Adjusting to retirement isn’t easy for a lot of people. A big reason for it is that now it’s time to accept help after decades of wanting to be independent.
The aging conundrum
There is one big flaw when it comes to aging. That is, everyone wants the independence that accompanies getting older, which means no one is willing to accept help when experiencing natural physical and mental declines over time.
Furthermore, you go through life as independent as can be but within the confines of a career and other commitments. Those things take time and energy.
It’s for this reason that you look forward to being free of the job world later in life. That’s right, you likely can’t wait to be able to kick back and enjoy some of the finer things in life.
The thing is, by the time you reach retirement, you’re older and more infirm, making adjusting difficult! So, you likely need a little assistance, and that can be a hard pill to swallow.
The good news is that you can hire family with CDPAP to care for you. Getting help from those who have your best interests in mind makes sense.
But you might still find it difficult to accept a helping hand from those around you. You can believe that you are athletic and independent, but aging can often mean that you cannot move around as well as before.
The reality is that you can’t flip a switch into acceptance. But you can keep a few things in mind to make receiving that help a bit easier.
Adjusting and accepting help in retirement is easier when:
1. You know your limits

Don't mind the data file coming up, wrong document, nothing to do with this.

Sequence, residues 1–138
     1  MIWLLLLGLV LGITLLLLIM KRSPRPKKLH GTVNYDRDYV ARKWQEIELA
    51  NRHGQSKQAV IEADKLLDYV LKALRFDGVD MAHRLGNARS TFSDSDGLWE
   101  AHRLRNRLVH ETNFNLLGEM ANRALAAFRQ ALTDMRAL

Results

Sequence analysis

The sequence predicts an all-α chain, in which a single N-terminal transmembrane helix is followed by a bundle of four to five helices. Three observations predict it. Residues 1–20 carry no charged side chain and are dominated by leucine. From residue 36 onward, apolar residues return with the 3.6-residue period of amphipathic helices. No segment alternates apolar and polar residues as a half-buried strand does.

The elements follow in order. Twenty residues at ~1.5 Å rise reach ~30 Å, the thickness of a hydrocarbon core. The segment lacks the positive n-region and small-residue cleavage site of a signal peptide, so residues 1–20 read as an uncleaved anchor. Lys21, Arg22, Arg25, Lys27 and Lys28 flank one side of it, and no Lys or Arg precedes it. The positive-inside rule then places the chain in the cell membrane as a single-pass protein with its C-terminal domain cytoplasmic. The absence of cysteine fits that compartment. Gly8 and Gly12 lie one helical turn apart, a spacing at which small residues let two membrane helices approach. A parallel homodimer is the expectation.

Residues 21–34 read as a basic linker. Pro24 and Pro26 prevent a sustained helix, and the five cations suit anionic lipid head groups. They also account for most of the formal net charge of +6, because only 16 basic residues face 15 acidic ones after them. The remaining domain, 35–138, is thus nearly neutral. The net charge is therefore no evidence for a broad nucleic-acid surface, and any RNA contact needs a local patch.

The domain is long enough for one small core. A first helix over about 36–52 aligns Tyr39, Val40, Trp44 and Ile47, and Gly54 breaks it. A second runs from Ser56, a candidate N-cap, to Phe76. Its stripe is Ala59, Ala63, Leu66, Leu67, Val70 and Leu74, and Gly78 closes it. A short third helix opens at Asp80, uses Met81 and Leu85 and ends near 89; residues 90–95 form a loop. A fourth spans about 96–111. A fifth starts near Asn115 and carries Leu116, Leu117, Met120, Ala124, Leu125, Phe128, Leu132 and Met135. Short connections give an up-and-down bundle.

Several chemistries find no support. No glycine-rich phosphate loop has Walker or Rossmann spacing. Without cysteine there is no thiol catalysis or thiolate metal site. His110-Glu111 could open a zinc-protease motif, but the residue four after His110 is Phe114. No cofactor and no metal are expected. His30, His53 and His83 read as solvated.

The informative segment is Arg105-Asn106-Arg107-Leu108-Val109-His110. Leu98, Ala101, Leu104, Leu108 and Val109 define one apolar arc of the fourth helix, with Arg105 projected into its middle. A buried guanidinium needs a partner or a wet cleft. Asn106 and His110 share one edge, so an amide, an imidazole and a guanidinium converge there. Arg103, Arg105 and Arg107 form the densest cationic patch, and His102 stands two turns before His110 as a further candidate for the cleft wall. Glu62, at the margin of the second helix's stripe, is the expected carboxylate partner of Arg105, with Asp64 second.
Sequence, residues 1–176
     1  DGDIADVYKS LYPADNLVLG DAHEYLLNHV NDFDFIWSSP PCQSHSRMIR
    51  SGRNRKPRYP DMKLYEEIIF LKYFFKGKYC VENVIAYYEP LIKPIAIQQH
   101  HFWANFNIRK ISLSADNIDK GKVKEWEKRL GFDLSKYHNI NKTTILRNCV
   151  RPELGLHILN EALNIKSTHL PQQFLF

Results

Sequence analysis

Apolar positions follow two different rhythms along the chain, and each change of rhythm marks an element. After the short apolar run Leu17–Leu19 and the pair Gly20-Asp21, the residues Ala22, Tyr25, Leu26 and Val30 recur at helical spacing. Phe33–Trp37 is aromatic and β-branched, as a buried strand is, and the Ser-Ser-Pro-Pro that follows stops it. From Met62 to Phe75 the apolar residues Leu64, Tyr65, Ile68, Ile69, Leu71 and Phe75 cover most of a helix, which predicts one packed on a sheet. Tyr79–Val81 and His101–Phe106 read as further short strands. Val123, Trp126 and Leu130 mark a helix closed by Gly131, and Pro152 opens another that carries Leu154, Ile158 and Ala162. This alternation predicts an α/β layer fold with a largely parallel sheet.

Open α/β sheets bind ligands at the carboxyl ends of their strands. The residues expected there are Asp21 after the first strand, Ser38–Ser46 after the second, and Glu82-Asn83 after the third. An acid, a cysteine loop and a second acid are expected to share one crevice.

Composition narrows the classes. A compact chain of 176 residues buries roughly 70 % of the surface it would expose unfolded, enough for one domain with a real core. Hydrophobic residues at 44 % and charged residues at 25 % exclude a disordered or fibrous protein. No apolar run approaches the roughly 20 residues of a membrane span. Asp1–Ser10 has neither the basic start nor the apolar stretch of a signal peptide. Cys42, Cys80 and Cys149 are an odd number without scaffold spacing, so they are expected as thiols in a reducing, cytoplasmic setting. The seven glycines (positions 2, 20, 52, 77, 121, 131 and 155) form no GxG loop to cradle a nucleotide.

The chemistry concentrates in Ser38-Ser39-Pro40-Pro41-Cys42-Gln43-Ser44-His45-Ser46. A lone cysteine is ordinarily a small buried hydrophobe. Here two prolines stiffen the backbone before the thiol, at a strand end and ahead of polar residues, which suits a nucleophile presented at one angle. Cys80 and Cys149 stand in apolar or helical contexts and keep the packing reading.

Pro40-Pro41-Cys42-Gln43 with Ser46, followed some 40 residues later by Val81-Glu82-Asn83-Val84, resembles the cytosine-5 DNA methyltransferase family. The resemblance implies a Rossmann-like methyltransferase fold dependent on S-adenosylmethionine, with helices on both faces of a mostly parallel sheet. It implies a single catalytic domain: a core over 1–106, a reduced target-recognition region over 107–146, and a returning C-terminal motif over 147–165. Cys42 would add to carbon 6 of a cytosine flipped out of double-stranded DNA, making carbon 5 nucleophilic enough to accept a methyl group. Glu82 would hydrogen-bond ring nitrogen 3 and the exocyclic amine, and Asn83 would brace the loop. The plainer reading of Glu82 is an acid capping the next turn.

The idea of retirement is exciting, but it can also be terrifying to realize one’s own mortality. If you know what your limits are, accept the help you need without too much argument. So many women and men put off aging as long as they can but it can lead to denial, especially as decline (mental and physical) sets in.
Instead, you can age gracefully by knowing your limits. When you struggle with things physically, learn the areas where you will need help and invest wisely in support.
Something as simple as a shower seat is going to be life-changing for someone who requires physical support. If you can’t do something anymore, don’t push it!
2. You lean on others
Whether you are leaning on adult children or put your trust in a caring company, you get to have a say in how you live out the golden years. That’s true, even if it doesn’t feel like it sometimes.
While you still have your wits about you, create a document with a lawyer to determine what you want so that you have control over the remaining years. Knowing that you have carers who will be happy to support you is reassuring on so many levels. That peace of mind makes adjusting to retirement a bit easier.
3. You ask family
Families are often the first place that you turn to in a crisis and they know you well enough to provide the right support when you need it. The ego is one of the biggest enemies you have, though, and it doesn’t always feel comfortable to ask family for assistance.
However, while they have their own lives, it can help to ask for help – even if they point you elsewhere. All you often need is an ear to help you to decide what to do and where to find the best remedy.
You can also rely on your family not to leave you to your own devices. They will always want to see that you have the needed support.
When adjusting to retirement is difficult
What are some other ways to make the transition to retirement and asking for help easier? Do you have problems accepting assistance from others?